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Raid on ALS patient's home spotlights fight for medical marijuana

A medical marijuana plant is shown at the Northwest Patient Resource Center medical marijuana dispensary in Seattle.
Published Feb. 28, 2013

One of the suspects in this case is dying.

She is in her 60s, and confined to a wheelchair.

One of the other suspects is her caretaker.

He is also in his 60s, and a disabled Vietnam veteran.

This husband-and-wife crime wave were at their home in Parrish, just across the Sunshine Skyway bridge in Manatee County, when deputies arrived Monday afternoon.

It seems a real estate agent had been checking out a house next door when she spotted marijuana plants growing in the back yard of Bob and Cathy Jordan.

Several deputies, detectives and undercover narcotics cops in ski masks later, two mature plants and various seedlings were confiscated, and the case was turned over to the State Attorney's Office to determine if charges are to be brought against Ma and Pa Jordan.

This would almost be comical if Bob was not worried it might lead to his wife's death.

Cathy Jordan has amyotrophic lateral sclerosis (Lou Gehrig's disease) and has depended on marijuana to combat the progressive nature and many of the symptoms of her disease.

"I know it's against the law, and I know the cops have a job to do. But I have a responsibility, too, and my responsibility is taking care of my wife,'' said Bob Jordan, a retired steel worker. "They don't have to tell me this is serious. To us, this is life-and-death serious.

"I'm not backing down. If I have to go to jail, I'll go to jail. Just because something is illegal, doesn't make it morally wrong. My wife is dying! She's dying, man.''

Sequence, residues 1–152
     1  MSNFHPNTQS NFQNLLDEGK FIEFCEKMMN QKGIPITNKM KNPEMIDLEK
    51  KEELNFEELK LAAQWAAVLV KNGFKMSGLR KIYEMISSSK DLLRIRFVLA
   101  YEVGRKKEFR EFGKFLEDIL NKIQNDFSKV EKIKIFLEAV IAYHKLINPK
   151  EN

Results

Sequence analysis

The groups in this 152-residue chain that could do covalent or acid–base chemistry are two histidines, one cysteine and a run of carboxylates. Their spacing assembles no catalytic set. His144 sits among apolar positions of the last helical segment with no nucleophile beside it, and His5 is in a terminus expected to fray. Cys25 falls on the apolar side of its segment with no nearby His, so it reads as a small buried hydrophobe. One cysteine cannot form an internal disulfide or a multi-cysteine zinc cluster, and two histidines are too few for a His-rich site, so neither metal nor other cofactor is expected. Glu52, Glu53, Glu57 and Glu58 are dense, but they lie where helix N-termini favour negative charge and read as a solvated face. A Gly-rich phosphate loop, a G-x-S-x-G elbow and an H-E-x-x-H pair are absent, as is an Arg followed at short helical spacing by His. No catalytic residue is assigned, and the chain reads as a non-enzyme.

Unbeknownst to the Manatee County Sheriff's Office, the people they were investigating have been leaders in a push to legalize cannabis for medicinal purposes in Florida.

On Wednesday afternoon, two days after the incident, Sen. Jeff Clemens, D-Lake Worth, filed the previously planned Cathy Jordan Medical Cannabis Act (SB 1250) in the Senate.

Clemens has filed similar bills the previous two years in the House and has essentially been ignored by his fellow legislators.

Even though 18 states have passed medical marijuana laws, and recent polls indicate Florida residents are overwhelmingly in favor of it, Clemens has little faith that his legislation will pass this year. His hope is that it will at least be discussed in a workshop and pick up momentum for sometime down the road.

"What is the public purpose of this policy? Is this the best way to use law enforcement resources?'' Clemens asked. "We are spending billions of dollars investigating, arresting, prosecuting and then housing people for small-time drug offenses. It's mind-boggling.

"The hope is that by regulating medicinal cannabis we can at least eliminate the senseless cases like this one in Manatee County.''

In the meantime, the Jordans are talking to an attorney and hoping the State Attorney's Office decides this is not a case worth pursuing.

They're also worrying about Cathy's health because they say cannabis is the only drug that has alleviated her depression and muscle issues while also helping with her appetite.

"This is her medicine. It's that simple,'' said Bob Jordan. "The problem is people are prejudiced against cannabis because of the tie-dye, hippie, bulls--- image.

"They don't have a cure for this. And none of their legal drugs ever did a thing for her.''

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